Obesity Canada’s Education Action Team has been working diligently and has recently published a Scoping Review in Obesity Pillars.

Below is the abstract for the paper.


Obesity is a prevalent chronic disease in Canada. Individuals living with obesity frequently interact with medical professionals who must be prepared to provide evidence-based and person-centred care options. The purpose of this scoping review was to summarize existing educational interventions on obesity in Canada for current and prospective medical professionals and to identify key future directions for practice and research.


A scoping review was conducted following the Preferred Reporting Items for Systematic Reviews and Meta-Analyses extension for scoping reviews. The search strategy was conducted using Medline (via PubMed), Embase, Eric, CBCA, Proquest Education, and Proquest Theses. The inclusion criteria included delivery of an educational intervention on obesity for current medical professionals, medical undergraduate trainees, or residents administered in Canada. Data were extracted from the included studies to thematically summarize the intervention content, and main outcomes assessed. Future directions for research and practice were identified.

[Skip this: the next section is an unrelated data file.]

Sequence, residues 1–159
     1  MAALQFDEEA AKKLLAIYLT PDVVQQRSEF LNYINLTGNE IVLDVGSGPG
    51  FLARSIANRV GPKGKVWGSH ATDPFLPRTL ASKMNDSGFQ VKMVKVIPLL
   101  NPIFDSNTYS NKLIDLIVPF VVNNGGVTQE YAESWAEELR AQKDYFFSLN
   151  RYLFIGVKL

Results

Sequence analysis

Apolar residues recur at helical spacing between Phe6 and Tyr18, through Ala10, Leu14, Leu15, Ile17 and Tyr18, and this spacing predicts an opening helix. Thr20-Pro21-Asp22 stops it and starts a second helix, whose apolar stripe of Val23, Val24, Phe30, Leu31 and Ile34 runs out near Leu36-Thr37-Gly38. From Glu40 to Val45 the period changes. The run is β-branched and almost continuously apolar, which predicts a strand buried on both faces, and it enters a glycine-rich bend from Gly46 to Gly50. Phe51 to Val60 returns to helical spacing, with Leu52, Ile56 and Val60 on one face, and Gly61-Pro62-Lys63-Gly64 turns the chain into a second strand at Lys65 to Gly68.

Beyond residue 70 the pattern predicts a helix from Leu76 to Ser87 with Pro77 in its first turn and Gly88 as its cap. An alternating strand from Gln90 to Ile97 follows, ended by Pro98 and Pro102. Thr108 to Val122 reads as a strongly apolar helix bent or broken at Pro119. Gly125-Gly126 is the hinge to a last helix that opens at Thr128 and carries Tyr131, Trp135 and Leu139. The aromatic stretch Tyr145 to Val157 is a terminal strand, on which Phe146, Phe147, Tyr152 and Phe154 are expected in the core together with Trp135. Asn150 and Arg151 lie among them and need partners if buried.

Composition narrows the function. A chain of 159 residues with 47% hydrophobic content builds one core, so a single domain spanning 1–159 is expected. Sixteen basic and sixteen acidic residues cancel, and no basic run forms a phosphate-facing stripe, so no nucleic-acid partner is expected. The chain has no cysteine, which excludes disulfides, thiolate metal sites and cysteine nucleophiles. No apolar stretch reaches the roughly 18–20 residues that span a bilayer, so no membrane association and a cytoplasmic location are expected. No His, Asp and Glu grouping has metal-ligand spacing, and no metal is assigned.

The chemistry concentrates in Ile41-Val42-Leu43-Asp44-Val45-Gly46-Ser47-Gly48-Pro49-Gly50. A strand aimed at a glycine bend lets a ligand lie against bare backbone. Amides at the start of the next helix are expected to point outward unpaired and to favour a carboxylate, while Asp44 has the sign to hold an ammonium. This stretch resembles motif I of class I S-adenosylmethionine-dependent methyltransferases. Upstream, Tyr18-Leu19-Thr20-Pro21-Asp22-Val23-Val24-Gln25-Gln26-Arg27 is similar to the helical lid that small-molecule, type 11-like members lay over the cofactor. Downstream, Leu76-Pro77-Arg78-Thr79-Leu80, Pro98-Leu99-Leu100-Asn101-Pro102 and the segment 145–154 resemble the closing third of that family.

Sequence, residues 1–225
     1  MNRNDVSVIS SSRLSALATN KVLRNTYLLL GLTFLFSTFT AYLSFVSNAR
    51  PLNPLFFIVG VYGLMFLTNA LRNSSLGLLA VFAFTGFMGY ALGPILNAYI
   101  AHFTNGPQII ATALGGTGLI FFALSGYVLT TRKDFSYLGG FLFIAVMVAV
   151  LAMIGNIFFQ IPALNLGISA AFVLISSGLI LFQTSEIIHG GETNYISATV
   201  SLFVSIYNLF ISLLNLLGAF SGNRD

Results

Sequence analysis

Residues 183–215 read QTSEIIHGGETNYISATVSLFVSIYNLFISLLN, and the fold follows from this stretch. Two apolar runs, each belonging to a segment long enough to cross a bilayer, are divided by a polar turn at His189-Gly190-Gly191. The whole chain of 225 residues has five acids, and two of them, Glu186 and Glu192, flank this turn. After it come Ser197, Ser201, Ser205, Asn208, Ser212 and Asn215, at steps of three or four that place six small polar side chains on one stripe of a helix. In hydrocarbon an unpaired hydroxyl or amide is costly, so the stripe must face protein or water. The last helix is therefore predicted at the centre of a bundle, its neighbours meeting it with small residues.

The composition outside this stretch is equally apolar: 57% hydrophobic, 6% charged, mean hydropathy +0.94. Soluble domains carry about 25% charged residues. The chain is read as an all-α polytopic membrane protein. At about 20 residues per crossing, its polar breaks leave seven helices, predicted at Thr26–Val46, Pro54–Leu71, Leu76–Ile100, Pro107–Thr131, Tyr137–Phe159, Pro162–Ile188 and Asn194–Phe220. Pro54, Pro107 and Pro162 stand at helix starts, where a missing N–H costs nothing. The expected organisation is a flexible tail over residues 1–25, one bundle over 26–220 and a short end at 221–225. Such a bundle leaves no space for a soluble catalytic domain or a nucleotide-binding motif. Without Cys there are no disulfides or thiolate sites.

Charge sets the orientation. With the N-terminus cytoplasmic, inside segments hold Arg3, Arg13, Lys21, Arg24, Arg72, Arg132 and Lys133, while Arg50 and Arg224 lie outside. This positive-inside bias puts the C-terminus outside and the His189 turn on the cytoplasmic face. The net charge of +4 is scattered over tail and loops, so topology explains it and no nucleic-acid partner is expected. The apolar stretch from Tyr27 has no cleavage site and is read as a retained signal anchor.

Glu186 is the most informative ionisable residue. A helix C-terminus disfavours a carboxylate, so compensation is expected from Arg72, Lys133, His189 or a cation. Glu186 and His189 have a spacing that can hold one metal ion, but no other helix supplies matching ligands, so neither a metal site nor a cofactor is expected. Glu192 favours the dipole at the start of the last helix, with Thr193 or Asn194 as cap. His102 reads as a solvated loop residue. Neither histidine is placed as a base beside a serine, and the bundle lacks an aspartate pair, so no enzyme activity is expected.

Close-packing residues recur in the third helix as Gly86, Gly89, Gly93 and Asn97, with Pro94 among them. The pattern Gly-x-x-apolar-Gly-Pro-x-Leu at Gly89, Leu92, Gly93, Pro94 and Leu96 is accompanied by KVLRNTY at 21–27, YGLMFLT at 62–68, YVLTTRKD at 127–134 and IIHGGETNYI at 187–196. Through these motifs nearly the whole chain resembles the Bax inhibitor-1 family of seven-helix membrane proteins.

Eight studies met the inclusion criteria. The interventions ranged in terms of the mode of delivery, including interactive in-person workshops and seminars, online learning modules, webinars, and videos. The main outcomes assessed were attitudes towards patients living with obesity, self-efficacy for having sensitive obesity-related discussions, skills to assess obesity and provision of management options. All studies reported improvements in the outcomes. Future directions identified were the need to develop standardized obesity competencies for inclusion across medical education programs, further research on effective pedagogical approaches to integrating content into existing curricula and the need for broader awareness and assessment of the quality of obesity education resources.


Although there have been few obesity-specific educational interventions for current and prospective medical professionals in Canada, existing evidence shows positive learning outcomes. These findings advocate for continued investment in the development of obesity medical training and educational interventions.